Anyway, for a brief period, buoyed by the euphoria of success in finally getting up and running, I was rather enjoying ProStreet, and I began to consider that the huffy contemporary reviews it received might have been a little harsh. Sadly, it was a feeling that was not to last, and my enthusiasm soured over many hours of grim and repetitive arcade racing to the extent that I not only felt that those 2007 reviews might have erred on the generous side, but also that playing the game was only marginally more entertaining than the experience of trying to get it to work.

You can make use of slipstreaming to maximize speed and overtaking opportunities.

Still, we are where we are. And speaking of which, in ProStreet, that place is now off the streets. Yeah, you’ve already got the respect on the streets, now it’s time to get the respect on the not-streets [Erh…you mean ‘the track’? – FFG reader]. Based on an assumption that the bit of The Fast and the Furious that everyone loved the most was the bit where they drive into the desert and conduct races in a controlled environment (and that was the best bit, definitely), ProStreet puts you in the shoes of Ryan Cooper, an ex-street racer now looking for more legitimate success as a driver. Bizarrely, given that they’ve bothered to name your character, there’s absolutely nothing else distinctive about him. That’s not a criticism of the characterisation: Ryan Cooper is literally just the name given to your mute avatar, who keeps his racing helmet on throughout and hence isn’t even given a face.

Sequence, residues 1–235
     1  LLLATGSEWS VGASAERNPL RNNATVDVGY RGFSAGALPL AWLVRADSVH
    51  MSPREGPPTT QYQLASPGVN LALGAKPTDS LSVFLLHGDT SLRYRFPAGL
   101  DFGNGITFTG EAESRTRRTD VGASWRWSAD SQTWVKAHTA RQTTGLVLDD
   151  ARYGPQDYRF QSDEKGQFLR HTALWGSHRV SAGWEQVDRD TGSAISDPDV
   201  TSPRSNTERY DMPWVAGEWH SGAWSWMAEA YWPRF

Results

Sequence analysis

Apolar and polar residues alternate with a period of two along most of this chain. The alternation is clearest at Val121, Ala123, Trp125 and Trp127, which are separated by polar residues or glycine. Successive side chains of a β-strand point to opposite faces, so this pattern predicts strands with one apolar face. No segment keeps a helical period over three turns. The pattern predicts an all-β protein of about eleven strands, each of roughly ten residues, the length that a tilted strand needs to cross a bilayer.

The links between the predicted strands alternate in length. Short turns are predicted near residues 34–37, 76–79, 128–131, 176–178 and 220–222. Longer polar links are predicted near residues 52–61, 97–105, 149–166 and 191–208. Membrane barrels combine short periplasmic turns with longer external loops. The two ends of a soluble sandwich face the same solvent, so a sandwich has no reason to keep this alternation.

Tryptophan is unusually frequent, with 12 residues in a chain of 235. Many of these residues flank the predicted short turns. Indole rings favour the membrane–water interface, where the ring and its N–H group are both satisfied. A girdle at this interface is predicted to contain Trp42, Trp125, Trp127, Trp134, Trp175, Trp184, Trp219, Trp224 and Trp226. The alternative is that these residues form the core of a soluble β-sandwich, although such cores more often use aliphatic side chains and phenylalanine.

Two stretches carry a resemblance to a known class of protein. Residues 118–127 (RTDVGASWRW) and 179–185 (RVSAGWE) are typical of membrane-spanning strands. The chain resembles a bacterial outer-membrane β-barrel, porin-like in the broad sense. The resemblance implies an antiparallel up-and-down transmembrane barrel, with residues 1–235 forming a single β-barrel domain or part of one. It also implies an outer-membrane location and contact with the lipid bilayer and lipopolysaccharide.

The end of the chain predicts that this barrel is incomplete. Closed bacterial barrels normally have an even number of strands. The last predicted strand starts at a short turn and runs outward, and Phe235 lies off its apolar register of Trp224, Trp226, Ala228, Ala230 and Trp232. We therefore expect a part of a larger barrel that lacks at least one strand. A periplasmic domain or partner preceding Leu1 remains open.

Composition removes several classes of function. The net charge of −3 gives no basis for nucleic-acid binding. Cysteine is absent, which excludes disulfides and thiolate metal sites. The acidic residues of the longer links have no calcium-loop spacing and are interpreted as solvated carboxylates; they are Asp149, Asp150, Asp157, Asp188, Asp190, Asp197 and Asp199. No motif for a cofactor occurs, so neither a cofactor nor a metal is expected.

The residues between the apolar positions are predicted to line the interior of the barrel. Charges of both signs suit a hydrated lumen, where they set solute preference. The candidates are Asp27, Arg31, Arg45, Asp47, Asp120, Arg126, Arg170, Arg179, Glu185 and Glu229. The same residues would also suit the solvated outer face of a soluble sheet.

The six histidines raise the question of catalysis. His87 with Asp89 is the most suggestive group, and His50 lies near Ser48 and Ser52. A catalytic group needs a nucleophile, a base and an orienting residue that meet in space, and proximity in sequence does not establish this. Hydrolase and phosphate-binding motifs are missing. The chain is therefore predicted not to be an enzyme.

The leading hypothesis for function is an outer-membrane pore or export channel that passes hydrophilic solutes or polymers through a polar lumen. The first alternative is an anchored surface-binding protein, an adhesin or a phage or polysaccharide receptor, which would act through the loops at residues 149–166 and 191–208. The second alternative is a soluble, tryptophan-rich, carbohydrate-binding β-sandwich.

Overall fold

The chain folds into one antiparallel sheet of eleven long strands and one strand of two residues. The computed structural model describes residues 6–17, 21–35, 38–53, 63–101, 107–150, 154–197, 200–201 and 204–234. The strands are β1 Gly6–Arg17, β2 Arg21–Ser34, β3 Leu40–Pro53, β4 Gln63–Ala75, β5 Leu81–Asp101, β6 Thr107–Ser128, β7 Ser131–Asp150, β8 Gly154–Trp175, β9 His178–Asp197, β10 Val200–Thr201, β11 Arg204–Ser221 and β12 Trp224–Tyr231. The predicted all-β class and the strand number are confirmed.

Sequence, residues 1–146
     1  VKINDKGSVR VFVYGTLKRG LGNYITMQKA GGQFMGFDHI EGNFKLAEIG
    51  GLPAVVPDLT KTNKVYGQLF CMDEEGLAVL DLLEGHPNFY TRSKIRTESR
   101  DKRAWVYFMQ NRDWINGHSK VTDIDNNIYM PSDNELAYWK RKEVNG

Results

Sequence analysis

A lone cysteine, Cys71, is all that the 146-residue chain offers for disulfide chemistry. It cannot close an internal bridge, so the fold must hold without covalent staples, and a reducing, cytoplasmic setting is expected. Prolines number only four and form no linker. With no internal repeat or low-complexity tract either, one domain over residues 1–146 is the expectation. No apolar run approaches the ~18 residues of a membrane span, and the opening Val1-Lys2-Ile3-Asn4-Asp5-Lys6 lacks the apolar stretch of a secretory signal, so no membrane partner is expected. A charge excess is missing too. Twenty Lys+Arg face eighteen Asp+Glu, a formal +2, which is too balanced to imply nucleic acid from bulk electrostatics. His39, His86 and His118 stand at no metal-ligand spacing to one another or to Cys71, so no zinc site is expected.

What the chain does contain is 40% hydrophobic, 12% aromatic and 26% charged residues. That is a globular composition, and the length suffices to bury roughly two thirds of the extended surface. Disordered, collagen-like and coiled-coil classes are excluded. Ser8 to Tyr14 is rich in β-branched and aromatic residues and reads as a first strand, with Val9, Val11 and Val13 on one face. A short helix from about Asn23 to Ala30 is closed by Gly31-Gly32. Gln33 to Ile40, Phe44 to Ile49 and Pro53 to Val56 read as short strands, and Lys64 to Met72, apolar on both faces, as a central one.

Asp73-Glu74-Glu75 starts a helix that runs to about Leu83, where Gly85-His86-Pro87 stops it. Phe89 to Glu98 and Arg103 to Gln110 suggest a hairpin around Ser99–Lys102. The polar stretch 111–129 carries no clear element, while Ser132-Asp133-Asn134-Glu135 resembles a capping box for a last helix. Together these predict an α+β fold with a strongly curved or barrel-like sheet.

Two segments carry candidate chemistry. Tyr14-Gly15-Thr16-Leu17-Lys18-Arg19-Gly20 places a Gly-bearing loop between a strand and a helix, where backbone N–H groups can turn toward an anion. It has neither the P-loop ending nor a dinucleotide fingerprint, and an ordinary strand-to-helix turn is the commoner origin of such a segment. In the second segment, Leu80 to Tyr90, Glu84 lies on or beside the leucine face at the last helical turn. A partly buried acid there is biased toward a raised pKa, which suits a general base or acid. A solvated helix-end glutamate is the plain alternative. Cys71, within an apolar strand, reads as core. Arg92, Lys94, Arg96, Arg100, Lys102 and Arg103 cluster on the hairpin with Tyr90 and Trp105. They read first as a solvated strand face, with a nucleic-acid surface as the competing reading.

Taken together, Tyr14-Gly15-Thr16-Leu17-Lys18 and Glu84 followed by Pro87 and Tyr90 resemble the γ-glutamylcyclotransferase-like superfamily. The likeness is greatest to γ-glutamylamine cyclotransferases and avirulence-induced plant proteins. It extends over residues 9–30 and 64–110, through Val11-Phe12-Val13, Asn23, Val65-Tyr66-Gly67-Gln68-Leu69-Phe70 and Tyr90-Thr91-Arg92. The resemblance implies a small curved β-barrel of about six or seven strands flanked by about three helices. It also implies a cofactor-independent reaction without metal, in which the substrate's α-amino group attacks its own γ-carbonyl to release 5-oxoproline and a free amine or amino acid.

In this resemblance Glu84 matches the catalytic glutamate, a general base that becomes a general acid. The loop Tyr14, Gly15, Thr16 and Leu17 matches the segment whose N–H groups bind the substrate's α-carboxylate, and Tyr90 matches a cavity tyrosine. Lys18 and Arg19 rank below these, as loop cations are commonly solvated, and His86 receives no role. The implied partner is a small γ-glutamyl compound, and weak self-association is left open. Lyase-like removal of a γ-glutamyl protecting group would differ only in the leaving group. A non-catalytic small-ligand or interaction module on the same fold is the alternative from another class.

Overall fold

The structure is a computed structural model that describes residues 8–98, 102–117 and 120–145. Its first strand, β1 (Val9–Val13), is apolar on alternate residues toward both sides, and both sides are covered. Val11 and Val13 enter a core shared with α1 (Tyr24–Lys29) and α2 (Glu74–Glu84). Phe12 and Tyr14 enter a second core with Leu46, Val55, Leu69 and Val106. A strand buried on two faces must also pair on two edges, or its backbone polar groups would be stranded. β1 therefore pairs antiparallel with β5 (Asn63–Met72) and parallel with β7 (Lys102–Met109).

In fact, the story in general has been dialled back, along with the number of cut-scenes, while the camp video of the previous two games has been excised completely. The main storytelling device seems to be through the use of in-game announcers, supposedly compering each event and providing the crowd (and you) with updates on progress while adding in tidbits of character background. Unfortunately, like much of the action itself, it all gets a little repetitive after a while and you start to tune it out, while also being dimly aware of the fact an American (or – unexpectedly – a Geordie) accent has said the words “Ryan Cooper” about a million times since you were last paying attention. Occasionally a rival will be mentioned, or the game’s Big Bad Boss Man, Ryo (Ryan? Ryo? Ry-eally?) Watanabe, will pop up to slag you off over the PA system, or show up in person to intimidate you with aggressive wheelspins. He doesn’t have a specific beef with your character, other than he is currently ‘the best’ and you also want to be ‘the best’.